Two Republicans vie for party nod in run for governor

DOVER — Delaware has not had a Republican governor in 24 years, a stretch topped only by Washington and Oregon among the 50 states.

For many First State Republicans, that’s far too long.

Colin Bonini and Lacey Lafferty believe the state is at a tipping point and, with an eye on reducing regulations, cracking down on crime and decentralizing the state’s education system, are trying to win back the governor’s mansion.

The two argue the state’s economy has not properly prospered over the past quarter century, especially in the wake of the Great Recession from 2008 to 2010.

According to the U.S. Bureau of Economic Analysis, Delaware was seventh in 2014 among states in gross domestic product per capita, which measures the strength of a local economy weighted for population. Its per capita income of $47,662 was 21st in the nation and right in line with the national average.

Republicans say the economy could be stronger if the state implemented proposals like right-to-work and did not consider raising the minimum wage. But while Sen. Bonini and Ms. Lafferty are confident in their ideas, winning the governor’s seat will be challenging.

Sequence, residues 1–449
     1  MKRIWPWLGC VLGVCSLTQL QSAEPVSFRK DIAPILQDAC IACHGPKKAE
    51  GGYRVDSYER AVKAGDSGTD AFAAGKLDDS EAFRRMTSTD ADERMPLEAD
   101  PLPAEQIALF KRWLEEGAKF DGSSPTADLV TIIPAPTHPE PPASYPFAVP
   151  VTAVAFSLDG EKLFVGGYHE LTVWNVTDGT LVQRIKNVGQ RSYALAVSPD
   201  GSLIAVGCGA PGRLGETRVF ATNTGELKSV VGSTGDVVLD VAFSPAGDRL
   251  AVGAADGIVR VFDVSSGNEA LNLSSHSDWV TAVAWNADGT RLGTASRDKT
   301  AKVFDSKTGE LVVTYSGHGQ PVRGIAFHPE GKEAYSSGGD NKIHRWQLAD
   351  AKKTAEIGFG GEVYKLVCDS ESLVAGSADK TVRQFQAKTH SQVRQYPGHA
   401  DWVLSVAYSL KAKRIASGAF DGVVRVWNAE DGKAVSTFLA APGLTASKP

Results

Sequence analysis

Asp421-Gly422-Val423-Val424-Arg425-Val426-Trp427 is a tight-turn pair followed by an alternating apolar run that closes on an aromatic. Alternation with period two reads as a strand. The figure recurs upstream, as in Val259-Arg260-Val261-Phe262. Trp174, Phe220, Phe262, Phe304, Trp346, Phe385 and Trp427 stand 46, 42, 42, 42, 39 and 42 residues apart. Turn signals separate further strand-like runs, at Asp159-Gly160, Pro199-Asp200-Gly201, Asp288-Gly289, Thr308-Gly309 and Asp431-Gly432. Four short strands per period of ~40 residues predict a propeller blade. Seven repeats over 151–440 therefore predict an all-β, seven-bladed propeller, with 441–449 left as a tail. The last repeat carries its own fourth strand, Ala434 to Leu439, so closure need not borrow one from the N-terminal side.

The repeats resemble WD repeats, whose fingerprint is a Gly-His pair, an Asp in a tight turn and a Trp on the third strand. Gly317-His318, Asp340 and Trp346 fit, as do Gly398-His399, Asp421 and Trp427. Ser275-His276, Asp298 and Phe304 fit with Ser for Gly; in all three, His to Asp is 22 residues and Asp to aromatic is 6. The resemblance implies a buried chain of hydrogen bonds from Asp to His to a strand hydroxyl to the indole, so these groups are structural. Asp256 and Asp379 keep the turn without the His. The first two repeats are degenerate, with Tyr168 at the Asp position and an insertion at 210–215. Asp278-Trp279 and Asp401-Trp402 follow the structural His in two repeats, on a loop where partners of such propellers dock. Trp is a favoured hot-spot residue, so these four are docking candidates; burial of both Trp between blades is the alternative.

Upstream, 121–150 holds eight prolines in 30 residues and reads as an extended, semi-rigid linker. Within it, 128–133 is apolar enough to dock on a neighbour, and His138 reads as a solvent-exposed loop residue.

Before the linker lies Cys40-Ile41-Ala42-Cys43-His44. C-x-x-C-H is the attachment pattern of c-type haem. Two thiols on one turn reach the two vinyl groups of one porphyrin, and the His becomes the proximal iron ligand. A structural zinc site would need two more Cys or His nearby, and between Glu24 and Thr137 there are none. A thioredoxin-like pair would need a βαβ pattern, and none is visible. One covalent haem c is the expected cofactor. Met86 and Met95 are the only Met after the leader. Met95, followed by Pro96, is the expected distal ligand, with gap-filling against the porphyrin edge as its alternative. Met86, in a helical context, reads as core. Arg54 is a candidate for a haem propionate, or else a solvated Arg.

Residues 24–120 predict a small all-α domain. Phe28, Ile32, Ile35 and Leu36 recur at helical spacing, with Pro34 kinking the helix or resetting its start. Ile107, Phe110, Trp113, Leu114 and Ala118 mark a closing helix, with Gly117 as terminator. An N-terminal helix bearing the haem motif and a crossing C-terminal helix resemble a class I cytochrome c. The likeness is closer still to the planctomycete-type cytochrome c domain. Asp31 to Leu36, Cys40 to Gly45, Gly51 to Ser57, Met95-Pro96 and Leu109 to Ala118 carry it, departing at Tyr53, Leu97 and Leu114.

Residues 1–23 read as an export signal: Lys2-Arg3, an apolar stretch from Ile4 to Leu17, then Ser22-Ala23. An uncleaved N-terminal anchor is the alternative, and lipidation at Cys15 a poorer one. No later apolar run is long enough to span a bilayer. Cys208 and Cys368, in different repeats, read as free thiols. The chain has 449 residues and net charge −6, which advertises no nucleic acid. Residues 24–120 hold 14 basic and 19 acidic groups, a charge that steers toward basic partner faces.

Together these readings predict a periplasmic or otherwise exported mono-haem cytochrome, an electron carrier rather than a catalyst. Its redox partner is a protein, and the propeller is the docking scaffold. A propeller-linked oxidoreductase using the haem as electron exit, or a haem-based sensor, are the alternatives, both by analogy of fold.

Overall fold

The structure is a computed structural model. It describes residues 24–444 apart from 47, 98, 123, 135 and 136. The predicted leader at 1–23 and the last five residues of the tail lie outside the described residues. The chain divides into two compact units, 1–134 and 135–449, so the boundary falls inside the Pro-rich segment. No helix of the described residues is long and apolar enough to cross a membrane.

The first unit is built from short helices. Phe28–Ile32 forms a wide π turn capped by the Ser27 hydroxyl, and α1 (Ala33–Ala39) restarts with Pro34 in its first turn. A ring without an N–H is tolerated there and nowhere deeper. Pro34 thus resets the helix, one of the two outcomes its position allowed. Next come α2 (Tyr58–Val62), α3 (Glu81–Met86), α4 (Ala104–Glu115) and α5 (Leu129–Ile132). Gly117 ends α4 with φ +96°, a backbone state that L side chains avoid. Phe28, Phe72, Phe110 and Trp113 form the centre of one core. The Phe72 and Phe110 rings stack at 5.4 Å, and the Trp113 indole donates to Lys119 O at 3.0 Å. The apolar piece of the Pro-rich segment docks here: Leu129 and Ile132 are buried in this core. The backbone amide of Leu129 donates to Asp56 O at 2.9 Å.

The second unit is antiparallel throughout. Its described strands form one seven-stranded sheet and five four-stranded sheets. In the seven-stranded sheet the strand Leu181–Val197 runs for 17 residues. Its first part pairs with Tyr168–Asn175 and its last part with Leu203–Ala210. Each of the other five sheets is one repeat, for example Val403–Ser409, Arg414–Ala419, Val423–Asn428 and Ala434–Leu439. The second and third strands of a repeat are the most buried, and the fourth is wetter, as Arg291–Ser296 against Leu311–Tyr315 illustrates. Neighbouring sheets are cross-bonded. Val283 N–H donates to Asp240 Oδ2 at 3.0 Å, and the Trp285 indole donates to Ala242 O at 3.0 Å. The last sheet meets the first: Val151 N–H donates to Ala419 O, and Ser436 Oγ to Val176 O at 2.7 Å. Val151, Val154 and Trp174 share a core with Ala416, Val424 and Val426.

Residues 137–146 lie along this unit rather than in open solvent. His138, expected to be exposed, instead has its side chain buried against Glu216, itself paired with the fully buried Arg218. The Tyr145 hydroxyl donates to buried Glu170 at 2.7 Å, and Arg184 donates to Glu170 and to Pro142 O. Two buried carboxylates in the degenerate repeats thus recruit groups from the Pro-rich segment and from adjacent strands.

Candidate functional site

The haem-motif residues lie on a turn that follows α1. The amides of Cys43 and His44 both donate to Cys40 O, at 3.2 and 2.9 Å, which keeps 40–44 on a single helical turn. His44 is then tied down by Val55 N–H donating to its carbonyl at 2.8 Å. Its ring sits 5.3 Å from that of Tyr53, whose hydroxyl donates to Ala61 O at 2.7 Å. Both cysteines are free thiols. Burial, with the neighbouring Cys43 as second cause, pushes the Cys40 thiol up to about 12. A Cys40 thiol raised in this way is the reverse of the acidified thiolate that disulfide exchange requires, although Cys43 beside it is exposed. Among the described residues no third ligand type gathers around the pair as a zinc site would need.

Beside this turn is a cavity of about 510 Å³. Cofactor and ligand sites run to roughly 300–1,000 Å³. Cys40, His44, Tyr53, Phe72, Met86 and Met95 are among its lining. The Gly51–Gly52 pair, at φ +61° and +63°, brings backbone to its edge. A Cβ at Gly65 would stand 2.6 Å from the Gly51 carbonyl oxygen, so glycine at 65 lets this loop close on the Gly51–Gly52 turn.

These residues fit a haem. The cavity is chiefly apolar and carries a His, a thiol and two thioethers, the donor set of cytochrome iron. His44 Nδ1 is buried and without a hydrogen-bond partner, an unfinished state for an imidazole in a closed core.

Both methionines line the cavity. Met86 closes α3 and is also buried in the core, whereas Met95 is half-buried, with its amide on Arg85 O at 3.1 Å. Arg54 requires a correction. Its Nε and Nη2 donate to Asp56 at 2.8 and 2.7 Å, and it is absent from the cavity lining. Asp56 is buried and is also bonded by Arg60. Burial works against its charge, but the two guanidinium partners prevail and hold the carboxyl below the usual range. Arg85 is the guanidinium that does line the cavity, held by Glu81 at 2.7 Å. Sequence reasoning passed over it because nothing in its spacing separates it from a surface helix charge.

Outgoing Gov. Jack Markell, who is term-limited, has been ranked as one of the nation’s most popular governors. U.S. Rep. John Carney, the Democratic nominee for governor, is also popular and well-known.

An October 2014 survey by the Center for Political Communication found 48 percent of Delawareans view Rep. Carney in a positive light, versus 18 percent who have an unfavorable opinion of him.

He also has a war chest, with $449,000 in contributions on hand as of the end of 2015.

Ms. Lafferty believes the nationwide frustration many people feel over what they see as ineffectiveness and cronyism in the government will carry her to victory, while Sen. Bonini is more pessimistic — or, someone would say, realistic. He admits winning the governorship will be difficult but says the race is too important to concede.

Sen. Bonini is favored in Sept. 13’s primary, but Ms. Lafferty has been campaigning hard and says she has the backing of many people seeking a political outsider to change the system.

Sen. Bonini has already proposed legalizing marijuana and offering state employees incentives to retire, policies Ms. Lafferty has criticized.

The general election is Nov. 8. Libertarian Sean Goward is also on the ballot.

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